Increasing the number of plant species in a pasture improves the mineral balance of grazing beef cattle

Y. Yoshihara, H. Mizuno, S. Ogura, T. Sasaki, Shusuke Sato

Research output: Contribution to journalArticlepeer-review

10 Citations (Scopus)

Abstract

Because of the essential role of minerals in maintaining homeostasis in large herbivores, a dietary intake that avoids deficiency or excess is crucial to keeping animals healthy. However, mineral element concentrations are highly variable between and within plant species. We therefore hypothesized that the mineral balance in grazing cattle may be influenced by plant species abundance in pasture. We simulated mineral intakes using two different models (algorithms) for varying numbers of 17 plant species characterized in a field survey of a temperate pasture in Japan. We calculated the mineral intakes from 1000 combinations of species for each species richness (number of species) for each of 12 mineral elements. Both models indicated that the estimated intakes of Mg, K and Mn could exceed the maximum tolerable range, and those of P, Na, Fe and Cu could potentially fail to meet the minimum requirements. The mean proportion of estimated intakes that ranged between minimum requirement and maximum tolerable level was approximately 17% higher for 17 species than for a single species. These results suggest that increasing the plant diversity in the pasture reduced the risk of mineral deficiencies or toxicities. Our results indicate that wild plants, normally regarded as weeds, should be maintained within improved pasture to maintain species diversity and assist with the mineral balance of animals grazed upon it. This work is an important precursor to future studies linking animal husbandry and ecological research.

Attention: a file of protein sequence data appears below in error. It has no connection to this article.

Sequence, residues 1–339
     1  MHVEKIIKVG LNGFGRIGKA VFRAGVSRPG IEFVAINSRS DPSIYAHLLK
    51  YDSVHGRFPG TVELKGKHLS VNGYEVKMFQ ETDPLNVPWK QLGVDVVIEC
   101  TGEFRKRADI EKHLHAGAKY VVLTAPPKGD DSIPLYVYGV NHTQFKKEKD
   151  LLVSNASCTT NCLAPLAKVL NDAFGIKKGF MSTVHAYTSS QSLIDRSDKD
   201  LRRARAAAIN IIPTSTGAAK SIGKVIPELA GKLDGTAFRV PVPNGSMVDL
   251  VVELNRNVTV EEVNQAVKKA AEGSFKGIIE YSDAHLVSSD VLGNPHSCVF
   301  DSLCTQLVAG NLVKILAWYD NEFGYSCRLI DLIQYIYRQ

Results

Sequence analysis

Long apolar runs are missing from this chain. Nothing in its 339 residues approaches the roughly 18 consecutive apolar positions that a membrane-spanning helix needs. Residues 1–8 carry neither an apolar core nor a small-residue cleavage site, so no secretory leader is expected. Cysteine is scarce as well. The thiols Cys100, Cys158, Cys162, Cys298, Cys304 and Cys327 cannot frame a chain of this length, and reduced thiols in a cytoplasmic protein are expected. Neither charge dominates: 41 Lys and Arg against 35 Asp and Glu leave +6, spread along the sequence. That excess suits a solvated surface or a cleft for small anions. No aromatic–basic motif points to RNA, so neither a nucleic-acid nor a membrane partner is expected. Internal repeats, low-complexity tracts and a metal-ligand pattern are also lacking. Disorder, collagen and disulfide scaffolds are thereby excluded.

Original languageEnglish
Pages (from-to)138-143
Number of pages6
JournalAnimal Feed Science and Technology
Volume179
Issue number1-4
DOIs
Publication statusPublished - 2013 Jan 31

Keywords

  • Equivalent model
  • Grazing frequency
  • Maximum tolerable level
  • Minimum requirement
  • Selectivity model

ASJC Scopus subject areas

  • Animal Science and Zoology

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